Mineral Resource of the Month: Diatomite

Robert D. Crangle Jr., a mineral commodity specialist for the U.S. Geological Survey, compiled the following information on diatomite, an essential commodity for the filtration and construction industries.

Microscopic diatom shells are used to filter microbes and disease-causing viruses from public water systems. Diatomite is also used to filter sugar, oil, organic and inorganic chemicals, and various alcoholic beverages, including beer and wine. Credit: Sarah Spaulding/USGS Microscopic diatom shells are used to filter microbes and disease-causing viruses from public water systems. Diatomite is also used to filter sugar, oil, organic and inorganic chemicals, and various alcoholic beverages, including beer and wine. Credit: Sarah Spaulding/USGS

Diatomite is a soft, friable and very fine-grained siliceous sedimentary rock composed of the remains of fossilized diatoms. Chalky to the touch and often light in color, diatomite can be white if pure, but more commonly it is buff to gray in situ, or sometimes black. Because of its low density and high porosity, it is extremely lightweight, and it is essentially chemically inert. Its properties make diatomite very useful as a filtration medium as well as a component in cement. 

Diatomaceous earth (often abbreviated as D.E.) is a common alternate name, although D.E. more appropriately describes the unconsolidated or less lithified sediment of the same composition. Diatomite is also known as kieselguhr (Germany), tripolite (after an occurrence near Tripoli, Libya), and moler (a unique clayey form of diatomite found in Denmark). Part of the mineral’s name made it into the public lexicon when Alfred Nobel named his explosive invention “dynamite” after discovering that nitroglycerin could be stabilized if it is first absorbed in diatomite.

Thin layers of diatom shells accumulate over time to form diatomite deposits — like those at this mine near Burney, Calif. — which can be hundreds of meters thick. Credit: Alisha Vargas, Creative Commons Attribution 2.0 Generic Thin layers of diatom shells accumulate over time to form diatomite deposits — like those at this mine near Burney, Calif. — which can be hundreds of meters thick. Credit: Alisha Vargas, Creative Commons Attribution 2.0 Generic

Diatomite deposits formed when the skeletons of dead diatoms accumulated in either marine or freshwater environments and were subsequently compressed and lithified. The microscopic, single-celled aquatic plants (algae) produce biogenic silica internally, which they excrete to produce elaborate exoskeletons consisting of two frustules (valves) that can vary in size, depending on the species, from less than 1 micrometer to more than 1 millimeter in diameter, but typically they are 10 to 200 micrometers in diameter. The frustules display a broad variety of delicate, lacy and perforated shapes, including cylinders, discs, feathers, ladders, needles and spheres. The oldest occurrences of diatomite are thought to be of Cretaceous age, deposited between about 138 million and 66 million years ago. Older diatomite occurrences may have been altered into other forms of silica, particularly chert, owing to burial, diagenesis and exposure.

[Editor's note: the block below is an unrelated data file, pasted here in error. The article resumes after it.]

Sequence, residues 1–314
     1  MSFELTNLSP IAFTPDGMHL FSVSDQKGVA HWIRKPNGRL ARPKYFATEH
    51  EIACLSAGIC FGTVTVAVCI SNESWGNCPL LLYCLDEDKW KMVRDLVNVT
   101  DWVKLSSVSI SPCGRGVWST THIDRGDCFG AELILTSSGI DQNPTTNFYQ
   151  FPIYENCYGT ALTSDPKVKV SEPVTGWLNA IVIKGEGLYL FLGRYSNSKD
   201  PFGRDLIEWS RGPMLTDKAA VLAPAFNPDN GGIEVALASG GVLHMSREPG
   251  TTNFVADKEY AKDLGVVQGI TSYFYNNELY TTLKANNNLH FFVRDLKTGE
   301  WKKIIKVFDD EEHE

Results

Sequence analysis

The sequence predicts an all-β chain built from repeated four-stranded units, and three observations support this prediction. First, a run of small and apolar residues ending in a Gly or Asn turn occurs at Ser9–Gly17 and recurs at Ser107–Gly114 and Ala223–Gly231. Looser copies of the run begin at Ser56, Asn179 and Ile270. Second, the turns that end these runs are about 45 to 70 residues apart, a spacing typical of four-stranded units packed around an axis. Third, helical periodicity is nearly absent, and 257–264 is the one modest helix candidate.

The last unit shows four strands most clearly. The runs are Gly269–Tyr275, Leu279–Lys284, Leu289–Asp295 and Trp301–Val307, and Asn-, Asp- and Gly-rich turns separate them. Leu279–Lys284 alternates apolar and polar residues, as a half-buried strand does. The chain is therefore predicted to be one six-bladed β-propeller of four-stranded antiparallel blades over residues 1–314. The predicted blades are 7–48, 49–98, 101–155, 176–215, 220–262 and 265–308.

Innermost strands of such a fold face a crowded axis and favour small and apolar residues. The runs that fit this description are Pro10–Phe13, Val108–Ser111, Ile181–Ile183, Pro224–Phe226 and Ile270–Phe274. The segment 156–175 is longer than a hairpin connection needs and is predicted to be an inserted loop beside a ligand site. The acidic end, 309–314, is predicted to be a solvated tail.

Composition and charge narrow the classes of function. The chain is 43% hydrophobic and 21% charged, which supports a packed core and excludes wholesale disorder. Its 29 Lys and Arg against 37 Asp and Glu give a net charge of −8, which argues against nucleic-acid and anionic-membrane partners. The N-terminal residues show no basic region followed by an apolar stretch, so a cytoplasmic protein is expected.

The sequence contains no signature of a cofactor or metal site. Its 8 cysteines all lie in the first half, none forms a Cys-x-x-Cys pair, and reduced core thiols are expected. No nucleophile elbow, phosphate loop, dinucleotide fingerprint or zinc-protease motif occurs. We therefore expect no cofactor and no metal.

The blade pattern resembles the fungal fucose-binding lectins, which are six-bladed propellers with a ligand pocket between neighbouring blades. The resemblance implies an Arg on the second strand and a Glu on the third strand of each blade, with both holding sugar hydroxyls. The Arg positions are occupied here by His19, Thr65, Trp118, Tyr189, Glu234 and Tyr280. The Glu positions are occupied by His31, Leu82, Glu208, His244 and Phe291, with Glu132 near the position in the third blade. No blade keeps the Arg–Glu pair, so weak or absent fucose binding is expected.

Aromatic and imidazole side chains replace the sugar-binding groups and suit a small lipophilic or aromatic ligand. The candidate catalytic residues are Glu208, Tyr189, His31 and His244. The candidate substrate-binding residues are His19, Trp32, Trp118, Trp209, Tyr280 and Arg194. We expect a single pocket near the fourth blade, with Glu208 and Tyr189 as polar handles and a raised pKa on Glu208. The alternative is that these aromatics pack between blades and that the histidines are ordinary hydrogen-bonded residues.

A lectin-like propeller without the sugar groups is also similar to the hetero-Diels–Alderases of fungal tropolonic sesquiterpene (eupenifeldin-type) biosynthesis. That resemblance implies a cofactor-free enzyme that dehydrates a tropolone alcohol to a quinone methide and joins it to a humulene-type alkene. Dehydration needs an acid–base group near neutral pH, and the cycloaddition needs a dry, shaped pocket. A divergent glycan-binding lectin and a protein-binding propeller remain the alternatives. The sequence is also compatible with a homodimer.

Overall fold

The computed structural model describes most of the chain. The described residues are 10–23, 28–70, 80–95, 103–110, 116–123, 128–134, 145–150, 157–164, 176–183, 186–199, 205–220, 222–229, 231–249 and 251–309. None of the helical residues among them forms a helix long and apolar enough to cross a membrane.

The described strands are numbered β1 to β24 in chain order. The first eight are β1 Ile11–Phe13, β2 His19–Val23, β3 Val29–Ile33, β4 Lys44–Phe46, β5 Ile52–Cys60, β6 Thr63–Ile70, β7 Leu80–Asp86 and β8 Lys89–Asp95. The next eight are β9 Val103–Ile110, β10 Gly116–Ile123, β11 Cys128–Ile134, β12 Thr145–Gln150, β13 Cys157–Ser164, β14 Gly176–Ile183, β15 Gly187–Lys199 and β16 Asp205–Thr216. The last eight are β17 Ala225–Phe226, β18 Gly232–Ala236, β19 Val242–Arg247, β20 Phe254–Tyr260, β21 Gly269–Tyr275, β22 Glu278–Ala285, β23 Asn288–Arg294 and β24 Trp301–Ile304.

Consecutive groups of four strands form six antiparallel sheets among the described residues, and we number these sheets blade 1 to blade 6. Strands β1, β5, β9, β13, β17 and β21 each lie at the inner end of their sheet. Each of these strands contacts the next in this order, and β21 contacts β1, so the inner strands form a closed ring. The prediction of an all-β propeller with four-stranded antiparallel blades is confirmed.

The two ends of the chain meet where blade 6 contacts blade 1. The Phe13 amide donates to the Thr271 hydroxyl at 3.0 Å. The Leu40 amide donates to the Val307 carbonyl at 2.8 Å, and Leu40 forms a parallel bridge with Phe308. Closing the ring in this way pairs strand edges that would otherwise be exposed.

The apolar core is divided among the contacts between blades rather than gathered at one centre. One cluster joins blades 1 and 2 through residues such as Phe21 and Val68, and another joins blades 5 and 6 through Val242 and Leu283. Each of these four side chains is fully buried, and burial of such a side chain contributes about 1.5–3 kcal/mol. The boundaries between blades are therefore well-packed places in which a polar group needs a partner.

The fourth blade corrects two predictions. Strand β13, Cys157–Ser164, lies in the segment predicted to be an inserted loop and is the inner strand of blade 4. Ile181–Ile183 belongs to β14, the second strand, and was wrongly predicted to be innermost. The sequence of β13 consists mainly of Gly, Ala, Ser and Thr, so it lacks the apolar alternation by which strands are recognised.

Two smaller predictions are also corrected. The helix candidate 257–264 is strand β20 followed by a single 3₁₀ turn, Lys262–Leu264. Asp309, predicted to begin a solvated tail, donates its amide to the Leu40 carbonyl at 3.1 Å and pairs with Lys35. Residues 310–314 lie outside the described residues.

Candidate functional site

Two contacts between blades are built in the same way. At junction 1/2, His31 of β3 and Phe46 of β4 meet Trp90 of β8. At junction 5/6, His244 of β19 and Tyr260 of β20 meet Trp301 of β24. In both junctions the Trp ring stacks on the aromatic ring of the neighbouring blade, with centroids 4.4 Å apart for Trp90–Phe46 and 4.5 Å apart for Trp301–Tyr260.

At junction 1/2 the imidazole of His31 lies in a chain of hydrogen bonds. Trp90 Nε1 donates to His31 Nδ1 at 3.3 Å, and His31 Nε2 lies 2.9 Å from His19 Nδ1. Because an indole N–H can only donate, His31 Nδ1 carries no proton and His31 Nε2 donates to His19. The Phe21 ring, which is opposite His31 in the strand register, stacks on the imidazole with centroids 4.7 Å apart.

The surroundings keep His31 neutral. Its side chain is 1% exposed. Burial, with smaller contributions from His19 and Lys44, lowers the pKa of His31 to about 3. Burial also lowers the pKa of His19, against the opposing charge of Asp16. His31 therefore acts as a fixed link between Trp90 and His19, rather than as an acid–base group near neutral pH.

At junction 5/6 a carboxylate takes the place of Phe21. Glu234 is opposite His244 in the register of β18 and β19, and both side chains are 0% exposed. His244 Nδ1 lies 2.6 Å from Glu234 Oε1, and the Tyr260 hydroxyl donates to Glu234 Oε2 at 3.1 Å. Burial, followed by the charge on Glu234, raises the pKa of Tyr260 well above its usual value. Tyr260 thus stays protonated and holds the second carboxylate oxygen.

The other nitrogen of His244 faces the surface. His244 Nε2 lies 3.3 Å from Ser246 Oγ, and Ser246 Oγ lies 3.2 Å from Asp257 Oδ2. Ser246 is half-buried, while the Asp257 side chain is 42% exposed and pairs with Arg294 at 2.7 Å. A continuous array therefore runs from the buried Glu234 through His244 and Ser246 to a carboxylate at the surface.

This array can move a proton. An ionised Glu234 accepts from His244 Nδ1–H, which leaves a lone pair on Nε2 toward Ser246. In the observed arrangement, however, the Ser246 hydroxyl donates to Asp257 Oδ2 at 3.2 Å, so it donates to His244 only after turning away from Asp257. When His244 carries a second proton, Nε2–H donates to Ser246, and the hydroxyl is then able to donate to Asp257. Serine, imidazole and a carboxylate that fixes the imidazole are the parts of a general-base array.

For more information on diatomite and other mineral resources, visit: minerals.usgs.gov/minerals.


Diatomite production and consumption

  • The United States is the world’s leading producer and exporter of diatomite, with more than 800,000 metric tons mined, and more than 100,000 metric tons exported in 2011.
  • The largest known diatomite deposit in the world is located in Lompoc, Calif.
  • In the United States, diatomite is produced by seven companies at 10 separate mining areas in California, Nevada, Oregon and Washington.
  • The filtration markets in the United States consumed approximately 67 percent of all domestically mined diatomite in 2011.

Fun Facts

  • More than 200 different kinds of diatoms are known to exist today, with an estimated 100,000 extinct species; they comprise one of the primary forms of oceanic plankton.
  • Some diatomite is mined for its use in filtering human blood plasma.
  • Diatomite can be used as a nontoxic insecticide to desiccate pests, including bed bugs.
  • Diatomite is used in the production of matches: It provides friction as a match-head is ignited, while also slowing the speed of ignition to permit the matchstick to combust.
  • Because of its excellent ability to soak up liquids, diatomite is a main ingredient in many absorbents, including cat litter.
  • The value of diatomite can vary from less than $10 per metric ton as a cement additive to more than $1,000 per metric ton as a biomedical filtration medium.

Energy Notes: December 2011-2012

 Credit: The American Geosciences Institute Credit: The American Geosciences Institute

U.S. Oil & Petroleum Imports (millions of barrels per day)

Oil and petroleum imports data are preliminary numbers taken from the American Petroleum Institute’s Monthly Statistical Report. For more information visit www.api.org.

 

 

The American Geosciences Institute

AGI was founded in 1948, under a directive of the National Academy of Sciences, as a network of associations representing geoscientists with a diverse array of skills and knowledge of our planet.

Friday, April 19, 2013 - 06:00

U.S. Geological Survey

The "Mineral Resource of the Month" column is written by various U.S. Geological Survey mineral commodity specialists. For more information about these and other mineral commodities, visit: USGS Commodity Statistics and Information.

Saturday, April 13, 2013 - 06:00